Seven Sisters station

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Seven Sisters London Underground London Overground National Rail
Seven Sisters ground level entrance.JPG
Entrance on Seven Sisters Road to London Overground, National Rail and London Underground
Seven Sisters is located in Greater London
Seven Sisters
Seven Sisters
Location of Seven Sisters in Greater London
LocationSeven Sisters
Local authorityLondon Borough of Haringey
Managed byLondon Underground
London Overground
Station codeSVS
DfT categoryD
Number of platforms5
Fare zone3
OSISouth Tottenham London Overground[1]
London Underground annual entry and exit
2013Increase 14.46 million[2]
2014Increase 15.97 million[2]
2015Increase 17.52 million[2]
2016Increase 18.61 million[2]
2017Decrease 18.33 million[2]
National Rail annual entry and exit
2013–14Increase 3.744 million[4]
2014–15Increase 4.438 million[4]
2015–16Increase 7.371[3] million[4]
2016–17Increase 7.987 million[4]
2017–18Increase 8.169 million[4]
– interchange Increase 9,966[4]
Key dates
22 July 1872Opened (GER)
1 January 1878Opened (Palace Gates Line)
7 January 1963Closed (Palace Gates Line)
1 September 1968Opened (Victoria Line)
Other information
External links
WGS8451°34′56″N 0°04′31″W / 51.582222°N 0.075278°W / 51.582222; -0.075278Coordinates: 51°34′56″N 0°04′31″W / 51.582222°N 0.075278°W / 51.582222; -0.075278
Underground sign at Westminster.jpg London transport portal

Seven Sisters is a London Overground and London Underground Victoria line station in the Seven Sisters area of the London Borough of Haringey, north London. The station has two entrances/exits, one on Tottenham High Road, and the other on Seven Sisters Road.

The station is in Travelcard Zone 3. Seven Sisters lies between Finsbury Park and Tottenham Hale on the Victoria line and between Stamford Hill and Bruce Grove on the Lea Valley Cheshunt/Enfield Town Line from Liverpool Street, operated by London Overground. Abellio Greater Anglia also serve at peak times. It is a short distance from South Tottenham station on London Overground's Gospel Oak to Barking line.

History[edit]

The station was constructed by the Great Eastern Railway (GER) on its Stoke Newington & Edmonton Railway line and opened on 22 July 1872.[5] On 1 January 1878, the GER opened a branch line, the Palace Gates Line, from Seven Sisters station to Noel Park and later that year to Palace Gates (Wood Green) station.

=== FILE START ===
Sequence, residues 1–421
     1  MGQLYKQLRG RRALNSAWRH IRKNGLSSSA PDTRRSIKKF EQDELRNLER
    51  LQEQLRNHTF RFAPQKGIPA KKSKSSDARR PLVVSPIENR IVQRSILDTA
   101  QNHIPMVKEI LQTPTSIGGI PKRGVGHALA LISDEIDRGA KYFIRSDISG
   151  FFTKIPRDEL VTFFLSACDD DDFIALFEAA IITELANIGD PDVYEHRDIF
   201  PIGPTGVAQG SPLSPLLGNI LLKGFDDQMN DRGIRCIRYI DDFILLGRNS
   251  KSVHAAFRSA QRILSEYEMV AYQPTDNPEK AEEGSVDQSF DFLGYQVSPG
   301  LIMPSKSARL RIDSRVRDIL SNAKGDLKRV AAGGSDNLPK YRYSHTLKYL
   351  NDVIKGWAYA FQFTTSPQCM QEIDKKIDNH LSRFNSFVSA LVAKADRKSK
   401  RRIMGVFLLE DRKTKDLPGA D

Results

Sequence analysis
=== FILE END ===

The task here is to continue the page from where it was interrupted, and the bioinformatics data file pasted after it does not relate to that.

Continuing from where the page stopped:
The Palace Gates Line was closed by British Rail in 1963 for passengers and 1964 for freight, with the branch line track and platforms at Seven Sisters later removed.[6]

On 24 July 1967 planning permission was granted to convert the station for London Underground use.[7] The first section of the Victoria line opened on 1 September 1968 serving Seven Sisters,[5] although a shared entrance and interchange facilities with the surface station were not opened until December 1968. The original GER entrance to the station was situated in West Green Road at the north end of the surface station, but the new combined entrance was opened in Seven Sisters Road at the south end on the site of a former wood merchants yard, connecting to the west end of the Victoria line platforms. The original (1872) entrance was closed at that time. The National Rail platforms are not at street level. Platform 1 (towards London Liverpool Street) is accessed by twin staircases. Platform 2 (towards Enfield Town & Cheshunt) has a staircase and an "up" escalator.

A second entrance at the east end includes the main Victoria line ticket hall, and is accessed via subways on each side of High Road just north of the junction with Seven Sisters Road. There are three Victoria line platforms at Seven Sisters: with one platform (platform 4) reserved for services which terminate at the station to return to the depot or reverse back into central London, although a connection is available for trains to continue to Walthamstow Central.